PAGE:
New study about the mode of action of BOLD-100 (KP1339)


The first ruthenium complex in advanced clinical studies shows activity against colorectal tumors

The paper by Dina Baier et al. from the Cluster Translational Cancer Therapy Research headed by Prof. Bernhard Keppler (Institute of Inorganic Chemistry, University of Vienna) and Prof. Walter Berger (Center for Cancer Research, Medical University of Vienna) recently published in Advanced Science identifies an important role of the cellular lipid metabolism in the anticancer mode-of-action of the clinically investigated first-in-class anti-Warburg ruthenium complex BOLD-100. The authors show that BOLD-100 interferes with glycolysis reducing cellular lactate secretion as well as lipid stores, and recognize the ruthenium compound as epigenetic gene expression modulator via deregulation of histone acetylation. Augmented lipid metabolism is highlighted as a key driver of acquired BOLD-100 resistance fueled by increased glycolytic activity. Those novel findings are translated into the in vivo situation, opening up new avenues for specific targeting and reversal of BOLD-100 therapy resistance with direct relevance for the clinical situation.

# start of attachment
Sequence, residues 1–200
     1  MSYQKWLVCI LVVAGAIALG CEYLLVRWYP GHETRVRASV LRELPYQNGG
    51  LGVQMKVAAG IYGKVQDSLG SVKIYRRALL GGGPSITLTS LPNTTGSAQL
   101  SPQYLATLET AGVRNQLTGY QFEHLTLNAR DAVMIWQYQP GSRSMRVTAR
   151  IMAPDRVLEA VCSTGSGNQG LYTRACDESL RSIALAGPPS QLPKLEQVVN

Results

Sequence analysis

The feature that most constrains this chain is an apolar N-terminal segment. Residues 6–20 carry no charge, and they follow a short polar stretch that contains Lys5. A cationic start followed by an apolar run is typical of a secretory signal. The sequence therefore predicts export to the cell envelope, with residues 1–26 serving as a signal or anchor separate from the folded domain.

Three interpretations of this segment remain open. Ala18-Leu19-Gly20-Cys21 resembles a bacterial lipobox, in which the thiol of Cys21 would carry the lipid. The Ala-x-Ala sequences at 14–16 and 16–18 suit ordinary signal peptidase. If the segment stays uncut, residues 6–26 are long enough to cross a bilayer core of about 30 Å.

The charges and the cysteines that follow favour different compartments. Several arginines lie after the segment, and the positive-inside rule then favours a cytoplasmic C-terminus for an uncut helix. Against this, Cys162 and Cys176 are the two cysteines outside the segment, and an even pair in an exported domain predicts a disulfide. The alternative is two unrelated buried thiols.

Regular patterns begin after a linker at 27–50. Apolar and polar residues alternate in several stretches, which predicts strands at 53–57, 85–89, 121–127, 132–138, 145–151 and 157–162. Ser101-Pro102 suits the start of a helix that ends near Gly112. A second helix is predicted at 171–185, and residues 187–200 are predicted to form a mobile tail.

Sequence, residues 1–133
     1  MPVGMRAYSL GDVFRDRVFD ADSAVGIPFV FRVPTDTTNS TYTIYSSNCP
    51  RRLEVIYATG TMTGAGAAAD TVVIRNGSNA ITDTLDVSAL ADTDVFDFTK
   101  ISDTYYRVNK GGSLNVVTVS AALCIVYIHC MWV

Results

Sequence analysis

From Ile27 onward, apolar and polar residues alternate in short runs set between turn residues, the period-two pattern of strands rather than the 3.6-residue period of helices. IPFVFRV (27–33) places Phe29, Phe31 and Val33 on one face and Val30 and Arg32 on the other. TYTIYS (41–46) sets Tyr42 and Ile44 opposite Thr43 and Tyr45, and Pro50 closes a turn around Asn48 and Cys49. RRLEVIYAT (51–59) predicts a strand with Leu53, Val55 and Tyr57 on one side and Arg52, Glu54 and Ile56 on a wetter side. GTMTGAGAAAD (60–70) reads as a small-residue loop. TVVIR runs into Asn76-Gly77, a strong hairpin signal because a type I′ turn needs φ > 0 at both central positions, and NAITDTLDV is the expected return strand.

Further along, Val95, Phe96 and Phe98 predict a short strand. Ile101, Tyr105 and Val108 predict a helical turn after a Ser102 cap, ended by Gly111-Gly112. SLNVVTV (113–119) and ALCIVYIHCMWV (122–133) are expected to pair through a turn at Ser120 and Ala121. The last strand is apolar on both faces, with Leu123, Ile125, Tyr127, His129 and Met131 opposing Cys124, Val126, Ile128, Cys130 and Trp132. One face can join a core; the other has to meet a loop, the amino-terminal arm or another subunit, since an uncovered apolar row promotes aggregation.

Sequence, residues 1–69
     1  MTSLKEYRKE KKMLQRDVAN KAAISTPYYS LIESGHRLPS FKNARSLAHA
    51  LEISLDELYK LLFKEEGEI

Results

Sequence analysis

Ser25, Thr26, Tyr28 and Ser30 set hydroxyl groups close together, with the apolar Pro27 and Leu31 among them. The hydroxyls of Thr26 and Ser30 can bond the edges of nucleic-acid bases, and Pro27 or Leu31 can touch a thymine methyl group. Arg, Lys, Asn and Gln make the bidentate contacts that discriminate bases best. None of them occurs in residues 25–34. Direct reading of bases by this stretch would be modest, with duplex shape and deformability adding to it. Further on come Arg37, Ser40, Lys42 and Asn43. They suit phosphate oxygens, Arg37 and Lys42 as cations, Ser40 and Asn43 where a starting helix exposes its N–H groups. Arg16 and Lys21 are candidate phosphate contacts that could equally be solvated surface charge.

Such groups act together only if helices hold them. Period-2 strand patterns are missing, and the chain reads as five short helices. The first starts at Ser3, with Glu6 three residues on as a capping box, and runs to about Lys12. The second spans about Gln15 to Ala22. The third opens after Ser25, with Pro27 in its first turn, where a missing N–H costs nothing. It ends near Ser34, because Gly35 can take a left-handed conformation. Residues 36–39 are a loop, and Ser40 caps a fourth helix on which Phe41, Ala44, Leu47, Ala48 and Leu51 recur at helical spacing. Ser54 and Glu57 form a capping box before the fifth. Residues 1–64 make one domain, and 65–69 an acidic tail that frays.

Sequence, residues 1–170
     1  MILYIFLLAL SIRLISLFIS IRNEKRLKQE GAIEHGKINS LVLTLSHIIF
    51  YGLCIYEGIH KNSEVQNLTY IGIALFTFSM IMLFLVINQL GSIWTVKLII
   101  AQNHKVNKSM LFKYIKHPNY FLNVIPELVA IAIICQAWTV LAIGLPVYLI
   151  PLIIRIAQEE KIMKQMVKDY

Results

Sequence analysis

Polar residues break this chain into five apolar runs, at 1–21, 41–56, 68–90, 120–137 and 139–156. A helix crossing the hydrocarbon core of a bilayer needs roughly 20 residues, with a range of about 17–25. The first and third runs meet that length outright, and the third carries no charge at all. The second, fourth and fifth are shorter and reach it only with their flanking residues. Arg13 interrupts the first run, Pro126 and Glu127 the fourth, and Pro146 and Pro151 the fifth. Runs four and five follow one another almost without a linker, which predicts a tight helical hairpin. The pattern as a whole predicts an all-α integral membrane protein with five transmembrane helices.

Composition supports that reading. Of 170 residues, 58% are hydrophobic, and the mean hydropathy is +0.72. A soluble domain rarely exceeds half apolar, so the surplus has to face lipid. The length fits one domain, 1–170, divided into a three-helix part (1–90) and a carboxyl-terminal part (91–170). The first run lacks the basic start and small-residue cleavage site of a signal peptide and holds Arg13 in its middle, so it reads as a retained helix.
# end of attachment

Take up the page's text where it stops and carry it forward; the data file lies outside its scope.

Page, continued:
The full paper The Lipid Metabolism as Target and Modulator of BOLD-100 Anticancer Activity: Crosstalk with Histone Acetylation is available open access at Advanced Science.

© Dina Baier